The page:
ZaUM and Technomaya by Franco Beradri

Bifo

The following chapter from After the Future by Franco Berardi addresses the development of several themes that charged the cultural environment stretching from the mid 19th into the early 20th century as modernity took a collective turn inward in a new exegesis of subjectivity which plumbed its mysterious depths at the moment when technoscience (chemistry) had begun to externalize its most intimate reveries and eidetic function in the new arts of photography and cinematography. This  was a double movement of consciousness in which its technological articulation as pure object also inspired the artist’s escape attempt from the panoptic gaze of the positivist camera.  In this subjective turn natural realism yields to the impressionist canvas as the subject evades its rational calculation as pure object, nature as copy. One way this was done was by disorienting the subjects sensorium or by sparking creative imagination.

The genius of  ZaUM is that the author is able to extrapolate how concepts that were pioneered by Symbolism in the mid to late 19th century have evolved through early 20th century Avant Garde, particularly in the movement known as Futurism, into our virtual worlds of cyberculture. In this short essay, Bifo traces the evolution of the linguistic consciousness through modernity as it turned itself inside-out.

Not surprisingly many of the themes that were widespread in Symbolism and the early 20th century mysticism of Theosophy and the  Avant Garde are also found in the work of Sri Aurobindo who was influenced by Symbolist poetry and who shared a common language of Guru-English with Theosophy and many in the Fin de cycle cosmopolitan Avant Garde.

The themes explored by Berardi are mantra, a transmental language, maya, telepathy, space, time and virtuality. Berardi explores how those powers that were thought by the poets and mystics of the late 19th and early 20th century to be available only through subjective experience of creative imagination, siddhis and the general paranormal persist and infiltrate new communication forms of virtual environments.

Compare for instance these passages the first two of which are from Sri Aurobindo’s The Life Divine and The Synthesis of Yoga with what Berardi writes about the telepathic ability of virtual reality:

“Wireless telegraphy is Nature’s exterior sign and pretext for a new orientation. The sensible physical means for the intermediate transmission of the physical force is removed; it is only preserved at the points of impulsion and reception. Eventually even these must disappear; for when the laws and forces of the supraphysical are studied with the right starting-point, the means will infallibly be found for Mind directly to seize on the physical energy and speed it accurately upon its errand. There, once we bring ourselves to recognize it, lie the gates that open upon the enormous vistas of the future.”(Aurobindo: Life Divine)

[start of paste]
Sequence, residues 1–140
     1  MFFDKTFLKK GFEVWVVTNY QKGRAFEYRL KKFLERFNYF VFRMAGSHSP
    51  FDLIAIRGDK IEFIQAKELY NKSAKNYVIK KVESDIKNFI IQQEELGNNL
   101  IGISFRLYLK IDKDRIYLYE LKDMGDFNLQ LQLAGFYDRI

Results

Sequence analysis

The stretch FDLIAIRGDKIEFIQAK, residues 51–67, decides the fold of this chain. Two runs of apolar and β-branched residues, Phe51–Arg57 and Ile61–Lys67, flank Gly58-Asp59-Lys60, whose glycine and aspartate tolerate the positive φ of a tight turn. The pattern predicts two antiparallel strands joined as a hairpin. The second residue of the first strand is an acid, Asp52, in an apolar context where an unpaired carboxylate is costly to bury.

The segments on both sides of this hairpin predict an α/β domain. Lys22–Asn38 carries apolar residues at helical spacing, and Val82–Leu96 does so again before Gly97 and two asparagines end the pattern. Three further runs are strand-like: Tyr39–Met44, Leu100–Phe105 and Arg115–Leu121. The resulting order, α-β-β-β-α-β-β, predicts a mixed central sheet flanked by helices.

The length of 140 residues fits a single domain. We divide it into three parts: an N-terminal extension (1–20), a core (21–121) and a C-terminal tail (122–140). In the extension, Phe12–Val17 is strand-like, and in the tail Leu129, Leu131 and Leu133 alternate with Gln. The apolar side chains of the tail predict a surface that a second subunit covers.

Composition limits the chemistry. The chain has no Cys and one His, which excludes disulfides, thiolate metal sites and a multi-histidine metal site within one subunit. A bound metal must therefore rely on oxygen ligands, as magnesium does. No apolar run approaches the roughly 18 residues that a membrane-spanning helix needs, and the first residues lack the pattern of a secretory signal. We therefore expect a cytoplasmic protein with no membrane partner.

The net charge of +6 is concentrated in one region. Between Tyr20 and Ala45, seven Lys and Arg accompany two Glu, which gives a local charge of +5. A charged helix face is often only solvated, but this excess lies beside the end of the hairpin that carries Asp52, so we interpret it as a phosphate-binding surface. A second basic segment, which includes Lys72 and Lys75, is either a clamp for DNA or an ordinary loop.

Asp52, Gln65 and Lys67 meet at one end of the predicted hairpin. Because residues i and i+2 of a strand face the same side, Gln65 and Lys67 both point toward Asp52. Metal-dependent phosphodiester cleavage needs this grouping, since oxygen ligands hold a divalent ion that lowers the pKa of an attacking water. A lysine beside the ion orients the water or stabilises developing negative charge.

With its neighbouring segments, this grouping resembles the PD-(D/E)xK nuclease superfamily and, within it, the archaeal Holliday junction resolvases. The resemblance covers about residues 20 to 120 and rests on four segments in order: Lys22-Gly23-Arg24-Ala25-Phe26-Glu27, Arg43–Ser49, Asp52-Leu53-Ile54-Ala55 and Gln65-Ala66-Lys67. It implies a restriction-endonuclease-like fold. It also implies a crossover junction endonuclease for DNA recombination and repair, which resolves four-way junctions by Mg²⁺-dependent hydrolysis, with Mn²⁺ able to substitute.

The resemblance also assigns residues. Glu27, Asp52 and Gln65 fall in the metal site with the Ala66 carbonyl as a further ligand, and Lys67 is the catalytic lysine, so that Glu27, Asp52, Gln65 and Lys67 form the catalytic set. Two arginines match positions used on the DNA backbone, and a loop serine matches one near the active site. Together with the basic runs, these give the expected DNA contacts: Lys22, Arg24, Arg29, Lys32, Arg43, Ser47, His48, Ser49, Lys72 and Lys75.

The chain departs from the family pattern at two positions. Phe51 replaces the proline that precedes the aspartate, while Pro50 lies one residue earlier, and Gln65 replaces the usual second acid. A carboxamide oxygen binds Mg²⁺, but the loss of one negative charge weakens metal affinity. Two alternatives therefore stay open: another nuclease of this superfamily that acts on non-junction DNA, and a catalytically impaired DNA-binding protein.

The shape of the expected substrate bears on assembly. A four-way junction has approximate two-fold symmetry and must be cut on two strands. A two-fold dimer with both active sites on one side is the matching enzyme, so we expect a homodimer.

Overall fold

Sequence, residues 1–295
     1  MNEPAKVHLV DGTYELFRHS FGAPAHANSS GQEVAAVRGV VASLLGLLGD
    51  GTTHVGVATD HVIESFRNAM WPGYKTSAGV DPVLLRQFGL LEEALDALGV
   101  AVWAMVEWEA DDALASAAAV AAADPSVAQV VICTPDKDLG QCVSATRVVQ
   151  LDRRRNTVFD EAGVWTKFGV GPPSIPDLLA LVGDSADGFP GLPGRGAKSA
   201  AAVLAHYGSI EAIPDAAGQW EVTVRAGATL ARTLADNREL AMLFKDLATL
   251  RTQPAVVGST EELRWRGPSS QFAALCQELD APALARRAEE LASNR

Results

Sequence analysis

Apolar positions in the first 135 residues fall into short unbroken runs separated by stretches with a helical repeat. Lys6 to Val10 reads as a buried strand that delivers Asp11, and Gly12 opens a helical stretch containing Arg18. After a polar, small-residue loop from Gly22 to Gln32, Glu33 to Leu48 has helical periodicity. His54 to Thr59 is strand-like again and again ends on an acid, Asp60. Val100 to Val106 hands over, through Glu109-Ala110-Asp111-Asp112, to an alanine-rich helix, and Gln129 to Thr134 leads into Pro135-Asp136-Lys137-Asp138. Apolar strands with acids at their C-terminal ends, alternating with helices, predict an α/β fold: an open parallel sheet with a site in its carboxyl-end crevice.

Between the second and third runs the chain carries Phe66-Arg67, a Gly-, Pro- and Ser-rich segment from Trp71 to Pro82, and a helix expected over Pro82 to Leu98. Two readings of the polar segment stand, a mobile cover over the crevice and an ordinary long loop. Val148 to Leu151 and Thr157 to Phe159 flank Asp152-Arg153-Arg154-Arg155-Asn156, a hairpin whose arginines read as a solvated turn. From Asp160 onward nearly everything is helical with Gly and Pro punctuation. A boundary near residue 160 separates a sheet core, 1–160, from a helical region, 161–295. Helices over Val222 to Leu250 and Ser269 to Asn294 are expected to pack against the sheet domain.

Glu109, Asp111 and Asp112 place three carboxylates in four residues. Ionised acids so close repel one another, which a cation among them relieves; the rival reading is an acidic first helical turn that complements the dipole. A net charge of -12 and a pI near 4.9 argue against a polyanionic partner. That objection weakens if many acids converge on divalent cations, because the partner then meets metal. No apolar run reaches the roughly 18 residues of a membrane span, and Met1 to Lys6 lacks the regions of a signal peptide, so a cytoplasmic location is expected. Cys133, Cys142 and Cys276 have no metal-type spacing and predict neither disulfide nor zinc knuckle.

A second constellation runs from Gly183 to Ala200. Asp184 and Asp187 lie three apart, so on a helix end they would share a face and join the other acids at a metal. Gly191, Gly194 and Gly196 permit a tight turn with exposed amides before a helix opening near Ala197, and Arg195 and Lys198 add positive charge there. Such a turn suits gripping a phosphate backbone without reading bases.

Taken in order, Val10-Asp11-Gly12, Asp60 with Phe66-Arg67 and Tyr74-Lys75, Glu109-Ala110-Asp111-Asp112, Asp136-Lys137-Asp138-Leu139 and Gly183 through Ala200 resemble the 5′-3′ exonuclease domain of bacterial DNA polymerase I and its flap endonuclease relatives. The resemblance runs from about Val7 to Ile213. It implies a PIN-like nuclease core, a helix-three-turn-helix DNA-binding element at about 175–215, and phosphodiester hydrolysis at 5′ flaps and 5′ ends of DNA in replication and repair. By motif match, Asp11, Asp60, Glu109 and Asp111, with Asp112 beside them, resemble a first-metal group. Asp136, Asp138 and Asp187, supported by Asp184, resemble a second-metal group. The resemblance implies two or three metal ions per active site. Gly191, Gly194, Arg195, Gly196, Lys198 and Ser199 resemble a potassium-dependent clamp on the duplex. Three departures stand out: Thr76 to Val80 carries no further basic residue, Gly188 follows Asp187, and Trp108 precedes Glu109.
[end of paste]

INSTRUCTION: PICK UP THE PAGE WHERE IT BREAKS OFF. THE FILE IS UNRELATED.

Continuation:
“The awakening of the psychical consciousness liberates in us the direct use of the mind as a sixth sense… It becomes possible to be aware, more or less accurately and discerningly, of the activities of minds whether near to us physically or at a distance, to understand, feel or identify ourselves with their temperament, character, thoughts, feelings, reactions, whether by a psychic sense or a direct mental perception or by a very sensible and often intensely concrete reception of them into our mind or on its recording surface. At the same time we can consciously make at least the inner selves and, if they are sufficiently sensitive, the surface minds of others aware of our own inner mental or psychic self and plastic to its thoughts, suggestions, influences or even cast it or its active image in influence into their subjective, even into their vital and physical being to work there as a helping or moulding or dominating power and presence. (Aurobindo: Synthesis of Yoga)

Sri Aurobindo evokes a translingusitic experience of communication not reliant on physical organs. But the use of symbols, mandalas, deities suggest that there is even a semiotics of psychic experience. If so this would involve decoding the other’s inner emotional and cognitive states to instantiation meaning through a transmental consciousness that extends self-awareness to include a “co-dependent other”.

If as Berardi contends that any form of language is the transmission of signs intended to trigger in the mind of the receiver the building of mental models, following the intentions of the sender, the transmission of signs that bypasses linguistic representation to directly evoke in ones mind/body the experience intended or imagined by another would begin to blur the lines between the virtual and psychic ether.

“Linguistic communication is made possible by signs conventionally and arbitrarily connected with meanings; here we speak of communication stimulating mental states corresponding to the image, to the emotion, to the concept that the sender wants to transmit. The production of technical tools for simulation, and especially machines for virtual reality, puts the problem in a new light. We may label virtual reality any technology capable of transmitting impulses from one brain to another, in order to stimulate in the receiver brain a synaptic connection corresponding to a certain representation, to a certain configuration, image, concept, emotion. In a purely abstract way, we may say that virtual reality is the simulation of a neuronic wave, structured following models that are intentional and isomorphic to the mental states corresponding to certain experience. We can say that this technology is the most apt for a telepathic sort of communication.”…….(Berardi: After the Future)